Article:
Granny flats becoming groovy accommodation option in rising property market

Jun 29, 2014

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Ever considered downsizing, but know you would rather find a way to help your kids build an asset at the same time?  Ever contemplated a smaller home, without paying rates?  Ever discussed with your children how they could transform their home and unused land to bring you closer and reduce the cost of living for both of you?  Or ever contemplated putting one into your home to bring in some extra income for your retirement?

Several years ago one of my industry peers had her parents move into the downstairs of their Queenslander where their two adult-two teenager family lived comfortably for many years.  Their Mum and Dad had sold their inner city unit and their inner city business and were ready to find the next option in their life and had moved in briefly to “bridge the gap”.  But that bridge took on a whole new meaning when they sat around together one day, whilst in limbo and decided that they might just be better off if they pooled some of their money to invest in the renovation of their children’s home in a good suburb to put in the downstairs that had eluded them for many years, then live in it.  And that they did.  Their parents invested over $150,000 on a decent sized renovation, adding significant value to the beautiful home, but also adding a comfortable place they could live.

The humble granny flat has become something rather powerful in the search for the ideal style of accommodation for the future.  It can unlock the downstairs area of a high set but not built in house, or it can maximise the yard usage on a house block to bring in a second source of income or allow a loved one to live nearby without “living in”.  With the lack of affordable housing in many cities, they are no doubt going to become more prevalent.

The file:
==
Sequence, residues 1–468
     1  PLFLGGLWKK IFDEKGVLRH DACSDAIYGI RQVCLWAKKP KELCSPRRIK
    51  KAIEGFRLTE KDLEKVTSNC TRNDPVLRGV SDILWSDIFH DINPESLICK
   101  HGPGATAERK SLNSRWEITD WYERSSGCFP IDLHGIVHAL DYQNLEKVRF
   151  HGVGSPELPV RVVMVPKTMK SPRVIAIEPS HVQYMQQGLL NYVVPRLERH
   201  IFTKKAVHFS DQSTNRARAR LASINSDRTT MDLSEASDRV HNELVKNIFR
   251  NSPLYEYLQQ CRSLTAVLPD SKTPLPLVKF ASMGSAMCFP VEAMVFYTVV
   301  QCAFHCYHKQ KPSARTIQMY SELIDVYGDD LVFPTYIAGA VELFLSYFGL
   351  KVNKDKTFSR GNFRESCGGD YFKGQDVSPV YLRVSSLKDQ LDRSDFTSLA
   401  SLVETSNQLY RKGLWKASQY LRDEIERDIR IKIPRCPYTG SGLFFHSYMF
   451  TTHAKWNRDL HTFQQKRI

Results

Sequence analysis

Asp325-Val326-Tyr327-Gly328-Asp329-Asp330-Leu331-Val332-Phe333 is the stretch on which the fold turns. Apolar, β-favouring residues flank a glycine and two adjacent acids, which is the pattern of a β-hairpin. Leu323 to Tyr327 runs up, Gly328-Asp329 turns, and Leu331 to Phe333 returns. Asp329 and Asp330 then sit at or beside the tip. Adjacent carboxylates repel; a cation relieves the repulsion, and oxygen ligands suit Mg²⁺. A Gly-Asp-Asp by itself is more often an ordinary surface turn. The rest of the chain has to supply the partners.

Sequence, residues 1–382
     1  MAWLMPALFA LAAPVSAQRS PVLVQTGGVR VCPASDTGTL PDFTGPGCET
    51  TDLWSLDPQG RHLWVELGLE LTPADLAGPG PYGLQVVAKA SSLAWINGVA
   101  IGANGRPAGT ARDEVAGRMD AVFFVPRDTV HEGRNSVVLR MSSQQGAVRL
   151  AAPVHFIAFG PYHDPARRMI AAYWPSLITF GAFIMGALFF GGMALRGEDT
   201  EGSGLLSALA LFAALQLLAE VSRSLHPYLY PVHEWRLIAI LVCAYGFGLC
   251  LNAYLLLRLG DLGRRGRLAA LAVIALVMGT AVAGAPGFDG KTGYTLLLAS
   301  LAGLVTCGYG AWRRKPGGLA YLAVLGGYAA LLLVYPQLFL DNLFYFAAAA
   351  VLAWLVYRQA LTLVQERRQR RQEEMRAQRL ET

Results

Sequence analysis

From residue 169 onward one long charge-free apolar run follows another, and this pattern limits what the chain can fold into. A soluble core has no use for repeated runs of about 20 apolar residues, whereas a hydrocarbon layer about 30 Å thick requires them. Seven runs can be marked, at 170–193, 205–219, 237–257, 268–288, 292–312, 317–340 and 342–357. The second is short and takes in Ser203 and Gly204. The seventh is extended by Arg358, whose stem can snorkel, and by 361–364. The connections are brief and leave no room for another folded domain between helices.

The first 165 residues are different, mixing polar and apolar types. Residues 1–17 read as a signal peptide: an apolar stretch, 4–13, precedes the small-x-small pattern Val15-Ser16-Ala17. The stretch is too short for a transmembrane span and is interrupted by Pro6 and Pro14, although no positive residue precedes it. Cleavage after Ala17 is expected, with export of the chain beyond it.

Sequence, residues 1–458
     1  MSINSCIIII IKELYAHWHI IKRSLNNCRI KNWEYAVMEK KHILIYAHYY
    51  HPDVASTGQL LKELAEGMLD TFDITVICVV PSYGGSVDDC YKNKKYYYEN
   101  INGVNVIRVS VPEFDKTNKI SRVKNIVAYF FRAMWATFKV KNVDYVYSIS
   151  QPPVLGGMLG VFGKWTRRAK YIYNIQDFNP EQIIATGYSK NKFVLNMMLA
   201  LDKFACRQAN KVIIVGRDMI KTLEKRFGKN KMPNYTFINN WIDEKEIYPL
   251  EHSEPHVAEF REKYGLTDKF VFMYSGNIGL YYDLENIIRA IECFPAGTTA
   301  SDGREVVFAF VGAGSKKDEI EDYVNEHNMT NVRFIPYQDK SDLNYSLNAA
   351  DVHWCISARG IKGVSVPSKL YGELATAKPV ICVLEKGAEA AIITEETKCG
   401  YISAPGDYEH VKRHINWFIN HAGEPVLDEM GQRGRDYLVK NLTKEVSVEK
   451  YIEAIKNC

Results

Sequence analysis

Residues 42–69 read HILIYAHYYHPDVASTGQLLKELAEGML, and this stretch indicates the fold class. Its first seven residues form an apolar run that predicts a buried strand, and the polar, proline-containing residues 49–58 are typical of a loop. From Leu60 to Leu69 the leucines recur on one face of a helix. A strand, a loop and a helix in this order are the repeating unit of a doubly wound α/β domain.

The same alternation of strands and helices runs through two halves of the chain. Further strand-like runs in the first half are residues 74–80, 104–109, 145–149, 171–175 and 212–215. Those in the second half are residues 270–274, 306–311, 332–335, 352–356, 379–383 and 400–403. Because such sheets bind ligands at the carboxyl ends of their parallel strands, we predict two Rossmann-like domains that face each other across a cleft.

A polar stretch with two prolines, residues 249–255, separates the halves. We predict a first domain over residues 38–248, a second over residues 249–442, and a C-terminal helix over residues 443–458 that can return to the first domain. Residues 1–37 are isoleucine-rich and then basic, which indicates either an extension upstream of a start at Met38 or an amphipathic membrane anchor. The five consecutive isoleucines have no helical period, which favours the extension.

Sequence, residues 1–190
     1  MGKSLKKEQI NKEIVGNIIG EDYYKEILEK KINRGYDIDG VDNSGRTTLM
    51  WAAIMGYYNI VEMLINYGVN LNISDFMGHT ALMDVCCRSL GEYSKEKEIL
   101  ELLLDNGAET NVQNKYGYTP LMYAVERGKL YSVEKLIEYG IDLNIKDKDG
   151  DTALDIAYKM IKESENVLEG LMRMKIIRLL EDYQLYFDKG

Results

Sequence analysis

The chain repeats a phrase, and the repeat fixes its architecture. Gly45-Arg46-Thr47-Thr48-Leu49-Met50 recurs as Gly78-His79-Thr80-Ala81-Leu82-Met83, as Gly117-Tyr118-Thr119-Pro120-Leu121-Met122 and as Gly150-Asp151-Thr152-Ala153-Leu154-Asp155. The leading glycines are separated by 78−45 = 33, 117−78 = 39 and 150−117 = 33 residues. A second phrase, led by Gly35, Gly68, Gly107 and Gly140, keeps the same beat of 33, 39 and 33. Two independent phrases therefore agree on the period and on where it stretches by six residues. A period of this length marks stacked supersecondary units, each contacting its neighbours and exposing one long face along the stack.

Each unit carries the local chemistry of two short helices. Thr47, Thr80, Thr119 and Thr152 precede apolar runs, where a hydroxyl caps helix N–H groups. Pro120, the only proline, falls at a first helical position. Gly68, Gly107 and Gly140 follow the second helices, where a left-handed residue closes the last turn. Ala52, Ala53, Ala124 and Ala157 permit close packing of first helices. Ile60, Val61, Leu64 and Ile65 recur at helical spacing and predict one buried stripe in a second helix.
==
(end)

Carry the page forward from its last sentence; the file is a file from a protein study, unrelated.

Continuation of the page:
According to Census data released in 2011, most Australians aged over 65 years old lived in a private house with a partner. Only 26 per cent of people aged 85 years and over lived in aged care facilities or retirement villages, dropping from 39 per cent in 1999.  And less than 8-9% of Australians will ever go into Aged Care.  And it is because of this that different, flexible and connected styles of living may become more prevalent.

Renting out a granny flat can yield you good money too, especially if you are prepared to let it to people that you would not consider family, or at “mates rates”.  Some granny flats in central areas can draw an income of up to $300/PW.

“Adding the additional dwelling onto your property does require council approval however it will attract buyers to your home when you sell and increase the selling price” said Nathan Helmsley from Ray White Central.

In 2009 the NSW Government released the Affordable Rental Housing – State Environmental Planning Policy (SEPP). It encourages people to build more granny flats and allows investors and buyers the chance to grow their property portfolio.

Granny flats can be build as a renovation, with the guidance of a builder, or from a pre-fabricated option and range widely in price.  Prefab options can be purchased from approximately $35,000 base cost, and look like a very entertaining way to share the cost of living with others in your family who might be looking to do so also.

Could a granny flat be the accommodation idea you are looking for?

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